The Purgative Effect Of The Pugachev Judgment

In October 2017 the English High Court handed down a significant judgment in which it found that the assets of five discretionary trusts settled by Russian oligarch, Sergei Pugachev could be used to satisfy claims by Mr Pugachev's creditors.


Sergei Pugachev was a Russian businessman, and the founder of Mezhprom Bank, which was once Russia's leading private bank. In 2010 Mezhprom Bank collapsed and Mr Pugachev fled Russia for London. The claimants (including the Russian deposit insurance agency ("DIA")), asserted that Mr Pugachev had misappropriated approximately $95m of DIA funding provided to Mezhprom Bank during the global financial crisis of 2007-2008 and settled it on five New Zealand law discretionary trusts into which it could be traced. Mr Pugachev was named as both a discretionary beneficiary and the Protector of each of the five trusts. As Protector, he had extensive reserved powers.

The claimants brought three alternative claims in order to assert a claim to the trust assets through

Mr Pugachev:

"The True Effect of the Trust Claim": The trusts were "illusory" and Mr Pugachev had not therefore properly divested himself of beneficial ownership of the assets; or "The Sham Trust Claim": Each of the trusts were a sham and Mr Pugachev remained the beneficial owner of the assets; or "The 423 Claim": in the event that the first two claims failed and Mr Pugachev was not the beneficial owner of the assets, the settlement of the assets fell to be set aside under s.423 of Insolvency Act 1986 as transactions defrauding creditors, thereby returning the assets to Mr Pugachev's estate for the benefit of his creditors. The Decision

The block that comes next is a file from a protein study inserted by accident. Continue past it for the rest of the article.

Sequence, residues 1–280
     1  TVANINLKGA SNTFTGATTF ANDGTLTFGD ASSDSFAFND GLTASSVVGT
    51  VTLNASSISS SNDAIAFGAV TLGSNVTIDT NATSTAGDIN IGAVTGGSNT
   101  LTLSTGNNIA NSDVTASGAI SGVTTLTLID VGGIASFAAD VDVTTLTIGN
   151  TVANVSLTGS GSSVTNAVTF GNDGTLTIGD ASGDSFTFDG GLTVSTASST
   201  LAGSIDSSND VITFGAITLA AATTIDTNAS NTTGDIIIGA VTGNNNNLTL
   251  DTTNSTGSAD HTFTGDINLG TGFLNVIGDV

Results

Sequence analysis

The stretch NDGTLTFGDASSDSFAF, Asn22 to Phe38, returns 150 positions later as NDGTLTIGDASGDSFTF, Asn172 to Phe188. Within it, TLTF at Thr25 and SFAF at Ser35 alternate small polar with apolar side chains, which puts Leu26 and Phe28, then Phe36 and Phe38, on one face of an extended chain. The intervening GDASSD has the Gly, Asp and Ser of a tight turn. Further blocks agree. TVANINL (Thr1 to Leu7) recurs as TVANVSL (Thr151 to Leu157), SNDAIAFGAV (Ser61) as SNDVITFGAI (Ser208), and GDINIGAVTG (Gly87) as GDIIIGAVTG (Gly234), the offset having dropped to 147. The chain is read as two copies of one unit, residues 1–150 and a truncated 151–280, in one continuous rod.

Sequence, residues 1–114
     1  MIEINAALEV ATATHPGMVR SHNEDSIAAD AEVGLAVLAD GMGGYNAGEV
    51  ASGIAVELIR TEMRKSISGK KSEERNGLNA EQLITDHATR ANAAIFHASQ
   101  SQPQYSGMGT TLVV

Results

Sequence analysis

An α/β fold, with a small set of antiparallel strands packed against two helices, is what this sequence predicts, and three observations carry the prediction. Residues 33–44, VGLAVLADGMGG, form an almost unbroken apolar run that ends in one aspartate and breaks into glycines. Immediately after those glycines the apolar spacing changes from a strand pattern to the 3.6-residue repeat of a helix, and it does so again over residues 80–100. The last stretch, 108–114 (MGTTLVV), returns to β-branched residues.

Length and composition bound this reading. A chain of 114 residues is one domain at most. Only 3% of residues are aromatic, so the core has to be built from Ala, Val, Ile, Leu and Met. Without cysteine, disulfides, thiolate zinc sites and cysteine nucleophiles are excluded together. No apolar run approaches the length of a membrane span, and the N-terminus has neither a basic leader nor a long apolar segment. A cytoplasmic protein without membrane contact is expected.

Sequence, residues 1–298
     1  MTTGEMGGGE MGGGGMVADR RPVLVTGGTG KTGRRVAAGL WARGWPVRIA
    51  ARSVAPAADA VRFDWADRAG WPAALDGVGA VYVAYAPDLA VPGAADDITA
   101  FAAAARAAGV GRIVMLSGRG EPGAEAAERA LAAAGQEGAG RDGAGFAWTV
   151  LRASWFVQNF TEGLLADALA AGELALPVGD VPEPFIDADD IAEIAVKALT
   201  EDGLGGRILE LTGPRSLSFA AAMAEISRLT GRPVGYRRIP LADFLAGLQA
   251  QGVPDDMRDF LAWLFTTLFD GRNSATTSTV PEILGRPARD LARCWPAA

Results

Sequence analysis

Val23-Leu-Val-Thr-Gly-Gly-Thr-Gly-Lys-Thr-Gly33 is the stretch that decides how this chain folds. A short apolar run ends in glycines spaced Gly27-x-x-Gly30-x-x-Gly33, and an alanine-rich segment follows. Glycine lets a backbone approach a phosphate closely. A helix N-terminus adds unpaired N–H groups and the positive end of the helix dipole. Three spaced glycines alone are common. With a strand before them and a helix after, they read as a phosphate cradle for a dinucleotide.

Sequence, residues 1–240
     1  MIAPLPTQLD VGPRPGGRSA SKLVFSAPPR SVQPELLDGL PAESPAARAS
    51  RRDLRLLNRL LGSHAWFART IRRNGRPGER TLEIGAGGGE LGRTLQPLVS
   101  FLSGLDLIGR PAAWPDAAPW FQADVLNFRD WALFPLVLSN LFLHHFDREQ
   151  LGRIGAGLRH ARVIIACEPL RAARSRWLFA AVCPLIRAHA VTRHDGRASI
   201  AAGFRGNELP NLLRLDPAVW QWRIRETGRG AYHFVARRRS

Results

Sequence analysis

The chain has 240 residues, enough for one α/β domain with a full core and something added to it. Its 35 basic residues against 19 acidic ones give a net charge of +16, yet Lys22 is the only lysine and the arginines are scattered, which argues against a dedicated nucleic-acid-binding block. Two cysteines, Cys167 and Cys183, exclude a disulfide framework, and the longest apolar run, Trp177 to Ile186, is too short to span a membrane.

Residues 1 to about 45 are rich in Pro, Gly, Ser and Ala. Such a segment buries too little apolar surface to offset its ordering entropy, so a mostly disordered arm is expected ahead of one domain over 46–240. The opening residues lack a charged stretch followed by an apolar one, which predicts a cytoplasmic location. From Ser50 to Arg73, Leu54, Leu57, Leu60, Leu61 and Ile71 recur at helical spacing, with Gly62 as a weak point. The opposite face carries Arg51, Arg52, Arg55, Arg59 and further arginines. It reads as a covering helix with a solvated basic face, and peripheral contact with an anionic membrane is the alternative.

The court found for the claimants in all three claims but the decision in respect of the True Effect of the Trust Claim and The Sham Trust Claim are undoubtedly the most interesting aspects of the decision.

The True Effect of the Trusts Claim

Mr Pugachev was the Protector of each of the trusts, with Viktor, his son, as the named successor Protector. The trust deeds provided that Mr Pugachev's Protectorship would automatically terminate in circumstances where he was "under a disability", a term which included when Mr Pugachev was subject to the claims of creditors. The court described this as an attempt to make the trust judgment proof and that it would not accept it. The Protector's powers were extensive (although all of these powers would fall within those capable of grant or reservation under Article 9A Trusts (Jersey) Law 1984) and included powers to:

veto the distribution of income or capital from the trusts; veto the investment of the trust funds; veto the removal of beneficiaries; veto any variation to the trust deeds; veto the release or revocation of any power granted to the trustees; veto the early termination of the trust period; veto an amendment to the trusts by the trustees; appoint and remove trustees, with or without cause; and add further beneficiaries. Save other than in the case of the powers to appoint and remove trustees and to add further beneficiaries, the powers reserved to Mr Pugachev were principally negative - i.e. they were powers of veto over an exercise initiated by the trustee.

The court considered that given Mr Pugachev's extensive powers it was difficult to see how the trustees could act without his consent on any matter likely to affect the trusts in any significant way.

A critical issue analysed in detail in relation to this aspect of the claim was whether or not, as a matter of construction, the powers held by Mr Pugachev as Protector were fiduciary or personal...

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